Although sewing Velcro onto fabric is usually a small project, it can be frustrating and time-consuming. The hooks and loops and stickiness of the Velcro can interfere with your needle and presser foot. However if you properly set the machine tension, have the correctly sized needle, and use the right presser foot, sewing Velcro will be less nerve-wracking. Let your sewing machine do most of the work by using its features and some simple tricks.
Cut a piece of Velcro to size. Avoid cutting through the hooks or loops on the Velcro.
Pin the hook and loop pieces onto your project, making sure they are aligned.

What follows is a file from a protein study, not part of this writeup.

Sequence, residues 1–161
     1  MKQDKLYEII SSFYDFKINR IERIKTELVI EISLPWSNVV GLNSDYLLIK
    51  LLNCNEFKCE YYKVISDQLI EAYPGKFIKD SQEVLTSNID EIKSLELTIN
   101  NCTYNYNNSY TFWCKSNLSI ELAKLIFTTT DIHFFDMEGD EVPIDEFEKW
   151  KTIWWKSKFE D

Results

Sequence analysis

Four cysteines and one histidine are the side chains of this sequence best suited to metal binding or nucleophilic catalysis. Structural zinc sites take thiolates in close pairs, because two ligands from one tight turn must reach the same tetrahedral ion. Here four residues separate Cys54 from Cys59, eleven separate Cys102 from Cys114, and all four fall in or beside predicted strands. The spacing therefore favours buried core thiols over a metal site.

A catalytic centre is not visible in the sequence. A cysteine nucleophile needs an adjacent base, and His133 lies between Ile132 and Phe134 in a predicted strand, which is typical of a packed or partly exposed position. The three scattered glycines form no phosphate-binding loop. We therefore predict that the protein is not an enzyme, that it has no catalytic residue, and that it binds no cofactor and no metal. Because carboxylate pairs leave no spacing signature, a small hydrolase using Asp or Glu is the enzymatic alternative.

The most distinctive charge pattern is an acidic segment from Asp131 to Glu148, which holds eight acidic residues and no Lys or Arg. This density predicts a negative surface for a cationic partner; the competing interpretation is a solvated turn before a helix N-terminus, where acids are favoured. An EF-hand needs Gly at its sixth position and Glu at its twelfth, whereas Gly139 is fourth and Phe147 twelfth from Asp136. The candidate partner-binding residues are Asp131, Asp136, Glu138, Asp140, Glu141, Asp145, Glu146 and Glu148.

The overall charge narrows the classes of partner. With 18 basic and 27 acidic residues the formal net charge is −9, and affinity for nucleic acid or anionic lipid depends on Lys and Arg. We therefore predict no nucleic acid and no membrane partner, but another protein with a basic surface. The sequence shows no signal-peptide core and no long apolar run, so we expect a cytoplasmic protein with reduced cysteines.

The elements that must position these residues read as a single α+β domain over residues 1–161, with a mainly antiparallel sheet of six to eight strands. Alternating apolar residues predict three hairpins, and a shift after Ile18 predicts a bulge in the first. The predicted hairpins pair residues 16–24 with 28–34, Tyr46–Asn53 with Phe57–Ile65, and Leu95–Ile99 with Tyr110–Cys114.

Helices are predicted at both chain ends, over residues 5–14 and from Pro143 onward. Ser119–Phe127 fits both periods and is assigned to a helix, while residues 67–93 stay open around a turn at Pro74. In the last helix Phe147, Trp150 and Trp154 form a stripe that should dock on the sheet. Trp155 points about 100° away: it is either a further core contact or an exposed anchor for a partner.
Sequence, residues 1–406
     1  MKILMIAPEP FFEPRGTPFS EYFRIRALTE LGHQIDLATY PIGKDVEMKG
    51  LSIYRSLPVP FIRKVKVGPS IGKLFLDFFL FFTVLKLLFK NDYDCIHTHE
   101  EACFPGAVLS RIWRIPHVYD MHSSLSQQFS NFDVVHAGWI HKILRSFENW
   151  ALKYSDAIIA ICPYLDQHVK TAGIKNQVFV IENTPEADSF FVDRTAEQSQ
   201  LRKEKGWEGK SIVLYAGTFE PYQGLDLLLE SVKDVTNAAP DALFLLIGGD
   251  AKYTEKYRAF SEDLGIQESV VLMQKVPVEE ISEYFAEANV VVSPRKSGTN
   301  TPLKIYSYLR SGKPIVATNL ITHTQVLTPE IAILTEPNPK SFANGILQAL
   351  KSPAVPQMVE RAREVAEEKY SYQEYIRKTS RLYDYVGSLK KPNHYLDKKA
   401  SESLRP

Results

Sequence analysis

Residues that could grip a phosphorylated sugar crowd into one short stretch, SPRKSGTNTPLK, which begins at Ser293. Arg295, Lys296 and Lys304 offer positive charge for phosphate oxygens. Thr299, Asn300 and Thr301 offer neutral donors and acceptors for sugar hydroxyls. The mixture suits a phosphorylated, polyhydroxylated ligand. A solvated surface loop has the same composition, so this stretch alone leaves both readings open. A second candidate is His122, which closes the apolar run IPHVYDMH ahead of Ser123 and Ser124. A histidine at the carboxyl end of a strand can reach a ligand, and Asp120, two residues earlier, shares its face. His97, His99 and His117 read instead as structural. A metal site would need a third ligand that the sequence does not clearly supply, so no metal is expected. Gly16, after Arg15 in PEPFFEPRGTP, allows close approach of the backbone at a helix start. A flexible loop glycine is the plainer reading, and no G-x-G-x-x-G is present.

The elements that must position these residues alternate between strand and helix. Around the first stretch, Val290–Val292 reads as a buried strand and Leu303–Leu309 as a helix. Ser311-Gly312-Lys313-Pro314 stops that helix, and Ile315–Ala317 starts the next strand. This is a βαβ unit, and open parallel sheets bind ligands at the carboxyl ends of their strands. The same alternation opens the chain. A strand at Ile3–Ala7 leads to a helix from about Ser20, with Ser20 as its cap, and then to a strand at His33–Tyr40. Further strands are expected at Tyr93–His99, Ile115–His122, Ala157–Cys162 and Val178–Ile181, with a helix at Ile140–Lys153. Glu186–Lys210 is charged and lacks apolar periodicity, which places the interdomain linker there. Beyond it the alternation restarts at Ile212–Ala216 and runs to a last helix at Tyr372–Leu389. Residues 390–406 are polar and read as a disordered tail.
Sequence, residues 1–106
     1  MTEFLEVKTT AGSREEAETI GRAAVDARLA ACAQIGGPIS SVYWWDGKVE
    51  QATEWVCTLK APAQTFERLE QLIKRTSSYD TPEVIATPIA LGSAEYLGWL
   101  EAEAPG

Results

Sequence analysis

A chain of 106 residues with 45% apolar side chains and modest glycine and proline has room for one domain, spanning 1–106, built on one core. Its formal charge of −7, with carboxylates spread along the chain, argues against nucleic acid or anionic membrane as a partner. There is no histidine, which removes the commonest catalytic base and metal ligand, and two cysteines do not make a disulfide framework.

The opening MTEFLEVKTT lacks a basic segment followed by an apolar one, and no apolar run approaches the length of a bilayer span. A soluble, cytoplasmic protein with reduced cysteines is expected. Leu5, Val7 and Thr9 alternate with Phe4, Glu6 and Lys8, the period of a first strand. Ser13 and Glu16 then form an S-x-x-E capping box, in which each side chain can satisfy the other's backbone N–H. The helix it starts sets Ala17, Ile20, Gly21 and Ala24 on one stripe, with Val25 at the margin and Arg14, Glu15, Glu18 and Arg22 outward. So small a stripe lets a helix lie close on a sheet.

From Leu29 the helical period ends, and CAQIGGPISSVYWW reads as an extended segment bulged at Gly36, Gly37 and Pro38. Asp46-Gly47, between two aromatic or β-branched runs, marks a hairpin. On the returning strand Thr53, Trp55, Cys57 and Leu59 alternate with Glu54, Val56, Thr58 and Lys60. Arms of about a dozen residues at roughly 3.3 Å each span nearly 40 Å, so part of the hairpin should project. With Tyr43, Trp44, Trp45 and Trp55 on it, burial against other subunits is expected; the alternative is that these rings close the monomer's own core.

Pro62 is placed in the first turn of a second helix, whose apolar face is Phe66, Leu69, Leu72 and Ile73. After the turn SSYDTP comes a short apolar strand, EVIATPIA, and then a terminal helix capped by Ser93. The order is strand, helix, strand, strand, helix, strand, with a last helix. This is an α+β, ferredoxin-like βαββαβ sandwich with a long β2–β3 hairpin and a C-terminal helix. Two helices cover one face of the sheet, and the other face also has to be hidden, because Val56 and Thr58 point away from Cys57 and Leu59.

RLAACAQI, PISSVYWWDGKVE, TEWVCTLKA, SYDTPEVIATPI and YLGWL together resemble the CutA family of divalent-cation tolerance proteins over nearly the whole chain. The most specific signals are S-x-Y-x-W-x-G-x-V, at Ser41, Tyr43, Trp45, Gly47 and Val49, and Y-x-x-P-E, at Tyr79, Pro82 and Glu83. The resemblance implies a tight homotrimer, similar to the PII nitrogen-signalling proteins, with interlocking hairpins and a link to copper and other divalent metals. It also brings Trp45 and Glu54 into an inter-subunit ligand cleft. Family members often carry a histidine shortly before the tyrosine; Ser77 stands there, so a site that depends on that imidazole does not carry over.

Set the tension on your sewing machine for medium or heavy-weight fabrics.
Use a new, sharp, heavy-duty needle. Check your sewing goods store for needle lubricants that will help glide the needle through the Velcro.
Use a special presser foot for hook and loop closures if one was included with your machine. Otherwise try using a zipper foot. Move the needle either left or right and carefully sew on the flat part of the Velcro where there are no hooks or loops.
Beeswax also works as a needle lubricant.
Don't use Velcro with adhesive on the back. It will gum up your needle, making sewing impossible.